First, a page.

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date: 18 October 2019

Abstract and Keywords

This article concentrates on interpretations of material culture changes from ‘late Roman Britain’ to ‘Anglo-Saxon England’ and reviews how approaches to the archaeological material have changed over time. It then provides a few suggestions for further research. The enormous increase of archaeological finds, especially over the past thirty years, has confirmed patterns in the record that are now unlikely to change, such as the overall distribution of Anglo-Saxon cemeteries, but has also demonstrated that generalizations based on a single cemetery or settlement site can be misleading and that landscape studies and metal-detector finds do not always correspond with what excavations suggest about a particular region. Once Pandora's Box is opened, aspects of migration and assimilation appear that make Thomas et al.'s calculations of ‘intermarriage rates’ between Anglo-Saxons and Britons in the ‘apartheid-like social structure’ look tame.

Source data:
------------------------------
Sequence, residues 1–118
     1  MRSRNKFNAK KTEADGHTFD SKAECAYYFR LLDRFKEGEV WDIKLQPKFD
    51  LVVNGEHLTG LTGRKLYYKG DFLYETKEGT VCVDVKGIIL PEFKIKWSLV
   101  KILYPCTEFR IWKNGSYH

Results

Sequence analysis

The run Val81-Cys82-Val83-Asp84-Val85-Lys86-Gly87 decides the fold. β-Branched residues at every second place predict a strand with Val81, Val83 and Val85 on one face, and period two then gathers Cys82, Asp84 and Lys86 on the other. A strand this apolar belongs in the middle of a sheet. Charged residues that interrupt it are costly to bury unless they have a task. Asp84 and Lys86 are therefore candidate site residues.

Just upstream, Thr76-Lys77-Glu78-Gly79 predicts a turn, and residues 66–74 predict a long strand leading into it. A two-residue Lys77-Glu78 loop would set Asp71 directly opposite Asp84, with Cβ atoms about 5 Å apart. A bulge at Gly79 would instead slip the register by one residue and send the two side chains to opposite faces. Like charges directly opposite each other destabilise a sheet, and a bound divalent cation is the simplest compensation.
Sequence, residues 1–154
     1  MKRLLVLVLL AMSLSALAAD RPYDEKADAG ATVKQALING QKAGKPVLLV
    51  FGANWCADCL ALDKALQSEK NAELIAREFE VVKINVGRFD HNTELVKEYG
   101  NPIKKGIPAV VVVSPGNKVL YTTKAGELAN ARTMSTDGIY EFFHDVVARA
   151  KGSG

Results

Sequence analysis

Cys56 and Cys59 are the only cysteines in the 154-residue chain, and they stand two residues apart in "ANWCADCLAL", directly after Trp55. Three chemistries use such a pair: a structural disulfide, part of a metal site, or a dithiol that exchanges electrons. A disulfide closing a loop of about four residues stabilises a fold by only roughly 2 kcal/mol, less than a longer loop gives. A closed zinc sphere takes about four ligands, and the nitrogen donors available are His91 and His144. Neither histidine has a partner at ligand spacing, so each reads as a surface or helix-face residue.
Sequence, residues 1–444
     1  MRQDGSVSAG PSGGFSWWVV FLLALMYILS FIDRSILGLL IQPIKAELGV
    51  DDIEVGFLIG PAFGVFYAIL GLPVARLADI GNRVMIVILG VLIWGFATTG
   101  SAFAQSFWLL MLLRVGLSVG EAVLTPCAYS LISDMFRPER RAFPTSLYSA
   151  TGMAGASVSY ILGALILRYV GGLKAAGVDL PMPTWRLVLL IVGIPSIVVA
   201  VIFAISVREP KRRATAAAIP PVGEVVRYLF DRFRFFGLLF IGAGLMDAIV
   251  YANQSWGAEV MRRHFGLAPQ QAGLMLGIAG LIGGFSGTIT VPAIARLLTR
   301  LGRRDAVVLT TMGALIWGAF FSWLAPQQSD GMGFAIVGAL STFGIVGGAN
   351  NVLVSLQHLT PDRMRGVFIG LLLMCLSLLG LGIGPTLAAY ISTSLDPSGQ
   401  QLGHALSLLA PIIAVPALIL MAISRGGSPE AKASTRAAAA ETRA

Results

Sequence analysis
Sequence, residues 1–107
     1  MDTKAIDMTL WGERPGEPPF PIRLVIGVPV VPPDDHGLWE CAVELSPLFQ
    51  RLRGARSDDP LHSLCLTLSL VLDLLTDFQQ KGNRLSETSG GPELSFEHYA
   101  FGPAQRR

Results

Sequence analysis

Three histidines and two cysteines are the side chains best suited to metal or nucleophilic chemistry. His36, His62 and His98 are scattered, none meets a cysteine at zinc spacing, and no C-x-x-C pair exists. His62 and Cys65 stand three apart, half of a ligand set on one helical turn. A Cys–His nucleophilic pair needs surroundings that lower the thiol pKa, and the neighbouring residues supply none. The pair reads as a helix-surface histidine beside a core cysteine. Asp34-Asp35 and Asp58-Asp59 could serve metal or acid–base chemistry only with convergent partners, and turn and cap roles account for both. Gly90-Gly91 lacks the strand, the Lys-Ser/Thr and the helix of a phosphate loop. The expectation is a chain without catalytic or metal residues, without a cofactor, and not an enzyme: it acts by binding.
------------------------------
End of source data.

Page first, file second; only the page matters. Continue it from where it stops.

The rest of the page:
Keywords: material culture, late Roman Britain, Anglo-Saxon England, Anglo-Saxon cemeteries, settlement, intermarriage rates, endogenous change

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